Yes, clearly one of the smartest economic reporters out there.
Maybe it’s soared because the dollar is worth less and the cost of educating has gone up.
Or maybe it’s soared because schools got greedy and kept increasing it and students kept paying it because they were under the impression that government might help them out, thus never decreasing the demand for education, regardless of the cost, so universities never had to settle on pricing.
Or perhaps it’s soared because public universities are filled with wasteful spending and bureaucrats.
Or maybe it’s a combination of all of the above.
Let me tell you a quick story about my college experience.
I went to CSUN (California State University of Northridge). At the time I had gotten into numerous schools, but I was still 17 and due to ridiculous curfew laws, employment laws and the extreme price of out-of-state schooling, I decided to stay local. My options were USC (private) or CSUN (public). CSUN was 1/10th the cost of USC and at the time, they had a well ranking business program so I went with it.
When I started there, tuition was below $1,000 a semester and parking was below $100. This was 2001 and the state as well as the country weren’t broke yet. Two years into my schooling, CSUN started to perform major upgrades to the school. All of the parking lots were flat land so they began to build parking structures. First they started with one and increased the parking rates to around $100, if I recall correctly. We didn’t mind it, especially if it meant that we didn’t decide between coming to school over an hour before we had to to find parking or parking on the street and getting a ticket (CSUN is surrounded by apartment buildings which usually take all the regular street parking and leave the students with the 2-hour Only parking spaces.)
But this was just the beginning. Soon CSUN began to build or upgrade their facilities and classrooms, as well. And this is when the tuition hikes started to role in. Again, we didn’t mind, since the tuition went up just a few hundred dollars a semester but we would all benefit from better classrooms with new technology and more parking spots. It was a fair trade-off.
But then came the budget cuts. Not cuts to the already planned, but not yet started, construction. No, they wouldn’t cut from there. Instead, they cut the number of professors they employed, cut down on the number of classrooms and only slightly increased the max number of students they allowed in each class.
That last point is very important. They didn’t add more students per class despite cutting down the number of classes they offered and with CSUN’s growing admittance numbers because that would make their teacher:student ratio look bad when trying to sell kids on their school. The result, for many, was that they found themselves taking fewer classes per semester than they wanted to. Some barely even got into enough classes to declare full-time statue.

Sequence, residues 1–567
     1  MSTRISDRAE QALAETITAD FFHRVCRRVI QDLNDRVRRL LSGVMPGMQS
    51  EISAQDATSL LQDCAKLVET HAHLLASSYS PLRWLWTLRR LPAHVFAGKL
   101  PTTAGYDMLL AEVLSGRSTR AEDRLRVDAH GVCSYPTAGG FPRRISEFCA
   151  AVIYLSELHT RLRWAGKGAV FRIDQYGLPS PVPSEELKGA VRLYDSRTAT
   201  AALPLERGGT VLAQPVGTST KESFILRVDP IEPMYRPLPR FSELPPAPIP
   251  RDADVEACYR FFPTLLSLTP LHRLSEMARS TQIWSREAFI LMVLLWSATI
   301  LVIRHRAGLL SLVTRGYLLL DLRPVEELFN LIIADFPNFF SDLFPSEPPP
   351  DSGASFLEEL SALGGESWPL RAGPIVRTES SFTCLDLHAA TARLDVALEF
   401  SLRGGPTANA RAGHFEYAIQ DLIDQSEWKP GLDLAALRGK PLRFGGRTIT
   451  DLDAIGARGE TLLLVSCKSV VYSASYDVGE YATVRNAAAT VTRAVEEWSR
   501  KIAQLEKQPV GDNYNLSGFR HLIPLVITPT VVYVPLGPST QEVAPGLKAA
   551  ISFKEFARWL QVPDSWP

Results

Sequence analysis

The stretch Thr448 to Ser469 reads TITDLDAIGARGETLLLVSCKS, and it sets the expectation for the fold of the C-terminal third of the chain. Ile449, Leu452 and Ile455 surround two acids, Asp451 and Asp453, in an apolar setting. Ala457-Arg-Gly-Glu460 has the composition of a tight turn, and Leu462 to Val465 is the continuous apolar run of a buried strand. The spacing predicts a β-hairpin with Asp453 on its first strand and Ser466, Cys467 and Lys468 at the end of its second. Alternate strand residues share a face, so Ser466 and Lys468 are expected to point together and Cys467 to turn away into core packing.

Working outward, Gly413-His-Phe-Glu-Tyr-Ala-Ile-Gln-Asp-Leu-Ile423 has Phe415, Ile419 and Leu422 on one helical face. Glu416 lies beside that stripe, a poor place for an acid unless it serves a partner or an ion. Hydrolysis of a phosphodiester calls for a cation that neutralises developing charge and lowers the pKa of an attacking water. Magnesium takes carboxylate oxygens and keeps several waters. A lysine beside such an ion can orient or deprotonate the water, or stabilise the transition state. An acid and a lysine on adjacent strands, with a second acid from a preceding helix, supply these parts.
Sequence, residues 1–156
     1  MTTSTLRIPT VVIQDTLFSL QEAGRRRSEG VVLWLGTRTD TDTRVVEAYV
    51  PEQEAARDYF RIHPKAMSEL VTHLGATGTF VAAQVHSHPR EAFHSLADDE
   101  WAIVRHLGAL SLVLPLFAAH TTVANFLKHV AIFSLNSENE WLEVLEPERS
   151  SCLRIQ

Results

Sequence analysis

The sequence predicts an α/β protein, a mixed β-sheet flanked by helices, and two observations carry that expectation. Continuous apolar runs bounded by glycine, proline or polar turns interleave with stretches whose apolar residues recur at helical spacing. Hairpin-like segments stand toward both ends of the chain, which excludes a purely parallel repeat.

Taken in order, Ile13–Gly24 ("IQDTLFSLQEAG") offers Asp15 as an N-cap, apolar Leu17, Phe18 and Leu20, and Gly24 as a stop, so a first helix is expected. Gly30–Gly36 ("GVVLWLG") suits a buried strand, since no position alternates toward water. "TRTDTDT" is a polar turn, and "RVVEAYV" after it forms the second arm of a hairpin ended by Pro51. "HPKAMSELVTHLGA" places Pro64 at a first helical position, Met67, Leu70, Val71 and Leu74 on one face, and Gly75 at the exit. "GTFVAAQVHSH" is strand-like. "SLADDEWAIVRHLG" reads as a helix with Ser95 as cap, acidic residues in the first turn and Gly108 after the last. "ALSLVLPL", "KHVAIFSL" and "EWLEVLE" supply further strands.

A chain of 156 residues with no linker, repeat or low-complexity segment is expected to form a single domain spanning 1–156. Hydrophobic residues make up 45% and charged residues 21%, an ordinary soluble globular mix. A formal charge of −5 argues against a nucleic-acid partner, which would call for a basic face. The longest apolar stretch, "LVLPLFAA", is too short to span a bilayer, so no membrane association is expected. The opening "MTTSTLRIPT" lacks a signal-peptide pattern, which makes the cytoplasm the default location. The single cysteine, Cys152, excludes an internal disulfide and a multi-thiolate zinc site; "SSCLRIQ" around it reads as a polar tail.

For me, a Business Law major, had 4 upper level classes left to graduate and it took me a year and a half to take them. I remember that two of the classes had only one offering per semester and they were scheduled for the same day and time. I had to pick one and take the other the next semester. The other course was a once a semester class also, and once it was full, you were SOL. A few students were SOL.
So what does this do for a student? Besides the actual tuition going up, you end up staying for longer. Much longer than you ever wanted or accounted for. You end up paying more to the school. Sometimes you even pay for classes you didn’t even take (paying for a full-time enrollment yet taking less than the total allowable units).
All of this adds an additional burden on the student. It takes them longer to graduate, find a job and pay off the loans that are accumulating interest upon interest charges.
For me, I took an nearly 2 years longer to graduate than I would have if I had just gone to USC. The first time I couldn’t find enough classes, I looked into double majors and enrolled in other classes to fill the gaps. I had more units than the max allowed for the part-time tuition but not as much as the full-time maximum. That’s how I finished with three degrees. They didn’t come willingly or because I had an unhealthy obsession with diplomas. They came out of necessity. It was either that or throw away both my time and money.
You live and you learn (for a very steep price).
EDIT: Oh, I completely forgot to mention this. While CSUN was having “budget issues” and letting teachers go and cutting classes all while charging students more and more tuition every year, they were in the middle of building this:
A $63 million dollar, 138,000 square foot gym and recreation center. Yup, because that’s what we needed, a place to work out, not a place to learn something. I guess it’s my fault for mistaking this school for a school.
Paul Krugman, who was obviously high on crack at the time he made this comment. (via notquitecharlotte)
Nobel laureate in economics everyone!
In the same interview, Krugman said that “Inflation is better for workers”.
Talk about pulling shit out of your ass. How is inflation good for anyone, let alone workers? You make $1,000 a month and by the time you get around spending this money, it’s worth $950. How can that be good for anyone, let alone people who don’t make enough to write off losses due to inflation?